Maestro mezcalero, looking at the agave fields with his son
EAT WORLD-CLASS CHOCOLATE & MAIZE while you learn about the origin and legends around them. This is one of the most original (and tastiest) tours in Oaxaca! It is absolutely engaging from minute one. Chris (the guide) is very knowledgeable and definitely knows his stuff when it comes to teaching you all about cacao & maize. I personally, didn’t know how much I didn’t know about these two millenary foods! I would totally recommend booking a tour with him. If you’re interested, send me an email or a private IG DM and I will connect you with Chris.
OAXACA ARTISAN TOURS. This was my third experience having Victor as a tour guide and my favorite of all! Victor is a natural storyteller. He is also very well connected and has friends all over Oaxaca. Thanks to his connections, local families and businesses open their doors to visitors offering very intimate experiences that will surely stick with you forever! In this tour, you will visit several Oaxacan artisans and learn about their work and the arduous process to get their products and art crafts out the door for everyone to admire. You can learn more about his tour here! you can also contact me privately for a discount on this tour as Victor has become a good friend!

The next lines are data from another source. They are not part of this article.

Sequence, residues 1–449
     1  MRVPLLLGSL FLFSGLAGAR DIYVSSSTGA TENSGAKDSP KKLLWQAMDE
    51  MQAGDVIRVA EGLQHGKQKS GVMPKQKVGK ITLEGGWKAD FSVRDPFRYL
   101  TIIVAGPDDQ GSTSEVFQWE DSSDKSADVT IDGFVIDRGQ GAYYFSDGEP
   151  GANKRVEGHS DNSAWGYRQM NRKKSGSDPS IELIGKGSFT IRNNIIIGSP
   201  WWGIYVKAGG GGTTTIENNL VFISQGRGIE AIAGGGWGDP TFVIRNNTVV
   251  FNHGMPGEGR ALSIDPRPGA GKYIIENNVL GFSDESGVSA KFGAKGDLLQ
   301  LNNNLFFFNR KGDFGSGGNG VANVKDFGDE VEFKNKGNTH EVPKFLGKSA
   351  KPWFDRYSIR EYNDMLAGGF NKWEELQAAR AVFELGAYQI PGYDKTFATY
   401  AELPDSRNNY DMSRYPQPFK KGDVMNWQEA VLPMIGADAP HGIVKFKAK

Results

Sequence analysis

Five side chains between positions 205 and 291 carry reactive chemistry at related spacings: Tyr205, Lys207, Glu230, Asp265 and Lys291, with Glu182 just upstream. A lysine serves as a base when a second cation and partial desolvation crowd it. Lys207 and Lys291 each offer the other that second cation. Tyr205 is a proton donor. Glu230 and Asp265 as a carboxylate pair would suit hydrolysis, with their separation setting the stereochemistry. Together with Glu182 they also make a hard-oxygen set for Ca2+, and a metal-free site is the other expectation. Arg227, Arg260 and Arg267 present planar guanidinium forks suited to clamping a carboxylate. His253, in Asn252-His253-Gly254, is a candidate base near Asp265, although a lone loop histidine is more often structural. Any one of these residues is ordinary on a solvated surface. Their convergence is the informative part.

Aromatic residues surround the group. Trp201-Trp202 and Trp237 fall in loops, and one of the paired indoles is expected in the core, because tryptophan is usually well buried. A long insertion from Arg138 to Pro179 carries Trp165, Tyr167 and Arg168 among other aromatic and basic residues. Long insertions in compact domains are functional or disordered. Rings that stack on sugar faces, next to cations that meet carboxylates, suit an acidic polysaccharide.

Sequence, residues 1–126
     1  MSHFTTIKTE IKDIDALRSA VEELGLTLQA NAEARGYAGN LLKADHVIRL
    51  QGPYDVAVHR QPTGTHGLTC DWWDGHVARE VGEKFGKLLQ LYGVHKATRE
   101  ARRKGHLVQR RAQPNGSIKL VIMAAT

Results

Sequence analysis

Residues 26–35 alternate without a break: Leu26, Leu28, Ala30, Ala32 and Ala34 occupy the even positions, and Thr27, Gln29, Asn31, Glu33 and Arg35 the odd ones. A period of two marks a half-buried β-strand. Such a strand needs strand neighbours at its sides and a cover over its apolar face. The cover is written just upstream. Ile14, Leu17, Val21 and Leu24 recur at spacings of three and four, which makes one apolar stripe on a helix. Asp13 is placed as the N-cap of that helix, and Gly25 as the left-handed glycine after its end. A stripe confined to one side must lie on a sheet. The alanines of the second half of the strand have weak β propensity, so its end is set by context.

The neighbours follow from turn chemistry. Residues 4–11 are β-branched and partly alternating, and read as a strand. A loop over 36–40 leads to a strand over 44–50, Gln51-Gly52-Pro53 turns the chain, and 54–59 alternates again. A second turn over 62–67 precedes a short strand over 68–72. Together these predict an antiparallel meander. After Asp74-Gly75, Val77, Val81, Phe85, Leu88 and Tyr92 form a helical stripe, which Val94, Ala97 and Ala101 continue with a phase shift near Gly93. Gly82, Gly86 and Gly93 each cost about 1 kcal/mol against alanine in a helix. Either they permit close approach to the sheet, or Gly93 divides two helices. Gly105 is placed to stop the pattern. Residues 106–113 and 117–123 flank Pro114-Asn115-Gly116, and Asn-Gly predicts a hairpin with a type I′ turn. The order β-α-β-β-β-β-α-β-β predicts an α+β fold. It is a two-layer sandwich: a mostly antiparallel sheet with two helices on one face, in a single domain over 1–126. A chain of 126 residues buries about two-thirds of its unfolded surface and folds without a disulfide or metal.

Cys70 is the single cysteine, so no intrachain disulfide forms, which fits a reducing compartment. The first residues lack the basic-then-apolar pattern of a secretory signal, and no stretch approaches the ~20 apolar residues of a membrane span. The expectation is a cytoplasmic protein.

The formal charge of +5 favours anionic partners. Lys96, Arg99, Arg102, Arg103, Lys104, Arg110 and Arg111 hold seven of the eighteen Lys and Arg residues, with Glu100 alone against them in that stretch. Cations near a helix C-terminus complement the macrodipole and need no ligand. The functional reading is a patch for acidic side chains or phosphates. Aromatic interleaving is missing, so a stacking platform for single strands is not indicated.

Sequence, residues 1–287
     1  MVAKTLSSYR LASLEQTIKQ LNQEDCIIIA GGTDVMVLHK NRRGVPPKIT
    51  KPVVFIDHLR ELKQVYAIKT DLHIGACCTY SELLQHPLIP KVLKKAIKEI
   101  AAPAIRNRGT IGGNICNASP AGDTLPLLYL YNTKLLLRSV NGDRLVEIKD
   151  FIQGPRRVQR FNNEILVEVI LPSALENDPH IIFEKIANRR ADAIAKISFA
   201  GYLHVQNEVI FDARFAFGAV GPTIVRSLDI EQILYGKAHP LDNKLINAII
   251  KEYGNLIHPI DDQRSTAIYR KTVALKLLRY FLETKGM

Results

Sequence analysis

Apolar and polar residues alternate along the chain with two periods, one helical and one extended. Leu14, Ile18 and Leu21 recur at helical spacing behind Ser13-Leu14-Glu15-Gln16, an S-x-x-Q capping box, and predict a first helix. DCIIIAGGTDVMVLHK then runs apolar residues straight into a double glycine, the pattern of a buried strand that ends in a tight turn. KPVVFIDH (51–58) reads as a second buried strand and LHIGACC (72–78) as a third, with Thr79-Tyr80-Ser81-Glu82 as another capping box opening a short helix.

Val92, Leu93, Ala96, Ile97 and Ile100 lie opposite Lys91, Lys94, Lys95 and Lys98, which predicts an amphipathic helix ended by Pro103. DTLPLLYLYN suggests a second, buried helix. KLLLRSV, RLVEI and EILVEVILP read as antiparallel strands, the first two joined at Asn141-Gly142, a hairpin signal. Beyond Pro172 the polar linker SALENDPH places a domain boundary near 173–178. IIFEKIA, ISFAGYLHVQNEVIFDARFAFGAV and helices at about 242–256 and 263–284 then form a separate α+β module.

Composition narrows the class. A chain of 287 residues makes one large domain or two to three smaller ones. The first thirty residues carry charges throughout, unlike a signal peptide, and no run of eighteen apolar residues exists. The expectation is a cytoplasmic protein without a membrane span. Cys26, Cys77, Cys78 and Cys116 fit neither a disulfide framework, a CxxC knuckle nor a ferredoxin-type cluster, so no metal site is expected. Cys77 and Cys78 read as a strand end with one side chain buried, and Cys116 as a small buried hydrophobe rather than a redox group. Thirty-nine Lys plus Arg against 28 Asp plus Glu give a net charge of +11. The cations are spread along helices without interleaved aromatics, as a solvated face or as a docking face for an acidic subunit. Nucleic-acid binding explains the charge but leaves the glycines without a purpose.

Join a TEXTILE TOUR in Teotitlan del Valle. Since my arrival to Oaxaca, I heard about the many textile tours being run from Centro to some of the surrounding towns. I had the chance to do a couple of tours and I absolutely recommend the Traditional Weaving Tour in Teotitlan as one of the best things to do in Oaxaca. You’ll spend half a day with a local Zapotec family who has been working for generations on the making of different textiles. You will learn the complete process of how to create the wool threads and obtain the colors to dye the wool. The best part for me was learning a few words in Zapotec and creating my own textile piece using a 90+ year loom. Eating with the family was also something very special. Overall it was a beautiful and very intimate experience and you can read my complete review here
Me, learning to wave my own coaster
Full day tour of MONTE ALBAN & THE OAXACAN ARTISAN HERITAGE
I consider this tour to be a must-see and I would prioritize this as one of the things to do in Oaxaca. One cannot comprehend the importance of the Mexican archeological sites as a whole without visiting the magnificent ruins of Monte Alban. This tour will include a guided visit to the ruins, a visit to several local artisans outside Centro, where you will learn about alebrijes (colorful wooden figurines) and about the working techniques used during generations to create unique pieces of black pottery.
This is a full-day tour, but it is totally worth it, especially if you’re coming for a short period of time to Oaxaca! The tour is run by a local tour company, so there is no website to link you to, but you can text me and I will be delighted to connect you with them.